The issue of divorce in Christ's day
Divorce was a major issue in Christ's day just as it is today. If it weren't, Christ wouldn't have felt the need to deal with it. Basically, many people in Judea were using a scripture to justify their divorcement proceedings. However, those precepts were written for a hardened heart people. Even then, the use of that precept was rarely used at the time of its writing. By Christ's day, however, it was rampant. There are even documents showing that men obtained divorce papers because their wives burnt their breakfast. Imagine, if your eggs were cooked the wrong way. Is that a good reason for getting a divorce? It was in Christ's day.
The rampant abuse of the sanctity of marriage led Christ to tack this statement on at the end of his commands and prescriptions about adultery. There was only one reason for a man to be able to leave his wife and vice versa:
But I say unto you, That whosoever shall put away his wife, saving for the cause of fornication, causeth her to commit adultery: and whosoever shall marry her that is divorced committeth adultery. (Matthew 5:21)
The Standard Is Set
That is a pretty black and white standard. It's one that the people of Christ's day didn't hold, and it's one that isn't held today either. After all, what if your spouse is abusive? What if they are draining your credit and finances? What if they refuse to talk with you? Surely, there is some hidden meaning in the word fornication. It's a blanket statement, right?
The short answer is no. Fornication means what it implies: sexual intercourse that then breaks the bond that God put together. If our spouses aren't speaking to us, we need to do some praying and some counseling with a trusted and Christian expert to get to the bottom of it. If our spouse is cutting into our finances, we need to cut them off and do the above prescription. If our spouse is being verbally abusive, prayer and counseling are necessary immediately with the caveat that it's this or we're moving out until they agree to meet for counseling and prayer. Most issues in marriage can be solved with prayer and offered counseling, even with the promise of separation without divorcement if those two criteria are not met.
On Physical Abuse
It seems if Christ were going to give one special exemption here, it would be on the occasion physical abuse is present in the marriage. It is heartbreaking every time we see a woman or child (and on occasion men) being the target of physical attacks from their spouse/parent. Though Christ doesn't give us a writ of divorce for this circumstance, there are steps we can take.
Physical abuse should see us immediately separate ourselves entirely from the situation. We should even consider contacting the authorities and pressing charges, but definitely get to a safe place where the abusive partner cannot reach us. However, divorcing the individual doesn't free us from their abusive nature. Forcing them to sit in jail and consider the decisions they made is an answer. Having the courts mandate them to seek special counseling on their own until they have made peace within themselves is an answer. Waiting until they are able to show true remorse and make amends with us is the answer. Only then can reconciliation occur.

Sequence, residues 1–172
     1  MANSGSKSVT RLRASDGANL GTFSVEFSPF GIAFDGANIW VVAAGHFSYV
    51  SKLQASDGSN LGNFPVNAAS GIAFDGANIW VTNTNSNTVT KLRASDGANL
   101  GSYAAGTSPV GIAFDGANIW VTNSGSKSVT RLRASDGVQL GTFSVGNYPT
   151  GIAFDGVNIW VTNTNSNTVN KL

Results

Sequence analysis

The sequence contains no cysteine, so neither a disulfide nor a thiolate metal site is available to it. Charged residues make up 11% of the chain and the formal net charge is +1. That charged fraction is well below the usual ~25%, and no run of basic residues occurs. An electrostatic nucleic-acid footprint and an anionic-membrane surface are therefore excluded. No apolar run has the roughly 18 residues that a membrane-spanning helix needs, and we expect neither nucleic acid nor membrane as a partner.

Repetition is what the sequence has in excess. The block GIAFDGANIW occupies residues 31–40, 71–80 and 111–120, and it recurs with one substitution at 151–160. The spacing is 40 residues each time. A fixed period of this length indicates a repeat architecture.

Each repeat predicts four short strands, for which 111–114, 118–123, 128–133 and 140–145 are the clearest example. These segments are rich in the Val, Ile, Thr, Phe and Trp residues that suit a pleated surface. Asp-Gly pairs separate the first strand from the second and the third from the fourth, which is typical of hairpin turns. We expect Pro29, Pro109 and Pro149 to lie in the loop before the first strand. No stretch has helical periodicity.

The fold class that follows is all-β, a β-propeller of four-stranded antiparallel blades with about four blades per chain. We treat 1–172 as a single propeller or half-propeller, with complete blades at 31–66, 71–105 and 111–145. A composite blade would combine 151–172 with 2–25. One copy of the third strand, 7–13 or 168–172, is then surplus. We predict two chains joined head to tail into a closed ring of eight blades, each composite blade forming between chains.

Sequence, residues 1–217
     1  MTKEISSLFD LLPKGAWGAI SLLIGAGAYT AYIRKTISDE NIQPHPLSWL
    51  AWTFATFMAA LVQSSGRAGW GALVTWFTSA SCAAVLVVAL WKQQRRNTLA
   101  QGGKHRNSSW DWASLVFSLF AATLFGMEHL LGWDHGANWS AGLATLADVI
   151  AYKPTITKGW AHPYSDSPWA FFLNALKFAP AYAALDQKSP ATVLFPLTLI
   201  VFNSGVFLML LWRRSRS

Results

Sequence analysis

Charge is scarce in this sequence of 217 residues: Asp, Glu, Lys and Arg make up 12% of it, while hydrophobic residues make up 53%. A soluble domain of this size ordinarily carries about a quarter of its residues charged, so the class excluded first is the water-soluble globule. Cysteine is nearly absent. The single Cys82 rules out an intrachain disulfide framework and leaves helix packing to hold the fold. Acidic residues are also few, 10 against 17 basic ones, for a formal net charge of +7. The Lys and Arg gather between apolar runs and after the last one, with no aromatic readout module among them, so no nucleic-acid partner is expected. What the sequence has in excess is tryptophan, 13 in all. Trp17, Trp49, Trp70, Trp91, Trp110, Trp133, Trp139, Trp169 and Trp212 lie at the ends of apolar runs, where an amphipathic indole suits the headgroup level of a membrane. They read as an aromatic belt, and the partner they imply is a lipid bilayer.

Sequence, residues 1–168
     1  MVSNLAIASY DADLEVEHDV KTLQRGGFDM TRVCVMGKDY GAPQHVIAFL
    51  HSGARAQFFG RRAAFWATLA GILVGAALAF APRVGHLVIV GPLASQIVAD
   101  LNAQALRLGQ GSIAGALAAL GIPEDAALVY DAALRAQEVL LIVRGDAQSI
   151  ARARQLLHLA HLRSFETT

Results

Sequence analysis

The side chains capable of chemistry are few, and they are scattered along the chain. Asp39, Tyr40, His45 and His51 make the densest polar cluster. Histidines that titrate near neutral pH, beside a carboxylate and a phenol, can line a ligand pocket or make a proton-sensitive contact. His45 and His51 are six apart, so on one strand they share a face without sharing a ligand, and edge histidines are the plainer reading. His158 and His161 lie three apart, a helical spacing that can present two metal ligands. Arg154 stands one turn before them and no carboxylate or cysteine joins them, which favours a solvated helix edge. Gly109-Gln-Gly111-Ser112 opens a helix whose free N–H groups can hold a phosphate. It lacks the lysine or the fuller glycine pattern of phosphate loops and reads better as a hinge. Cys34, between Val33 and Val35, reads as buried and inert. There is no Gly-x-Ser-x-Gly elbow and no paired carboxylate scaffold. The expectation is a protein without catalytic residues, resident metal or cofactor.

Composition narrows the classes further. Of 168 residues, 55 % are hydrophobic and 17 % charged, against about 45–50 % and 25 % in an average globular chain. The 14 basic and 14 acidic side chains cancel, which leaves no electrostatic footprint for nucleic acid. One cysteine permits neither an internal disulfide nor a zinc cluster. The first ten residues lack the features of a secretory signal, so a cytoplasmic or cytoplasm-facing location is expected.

Note: Not every country will imprison a man for abusing his wife. For these women, we truly reach out to God in prayer for you that He would provide you with a path of escape.
What Marriage Is Really About
Marriage is about loving and honoring one another. In both Colossians and Ephesians, God speaks through Paul that husbands and wives on how they are to treat each other.
Wives, submit yourselves unto your own husbands, as it is fit in the Lord. Husbands, love your wives, and be not bitter against them. (Colossians 3:18-19)
Therefore as the church is subject unto Christ, so let the wives be to their own husbands in every thing. Husbands, love your wives, even as Christ also loved the church, and gave himself for it; (Ephesians 5:24-25)
Note that these two statements are very similar, but they are written to two churches in different states of their development. Colossea was a new church and in need of basic development. Paul told them how to treat each other in marriage. Ephesus was an established church and had been highly influential within their region. However, they are given a similar command. Regardless of your development in Christ, the basics of marriage are basic. Honor each other and love each other. If our families would enact these two segments of scripture in our households, their would be no worry or need for divorce.
We hope you have found this very difficult discussion topic informative. If you are in an abusive relationship, we highly recommend this website as it will help you find the nearest place of refuge
Chris Farris is the author of The Way, a manual detailing how to implement the Beatitudes into your life. He review events and other media and offers other insights into writing and working for the Kingdom of God.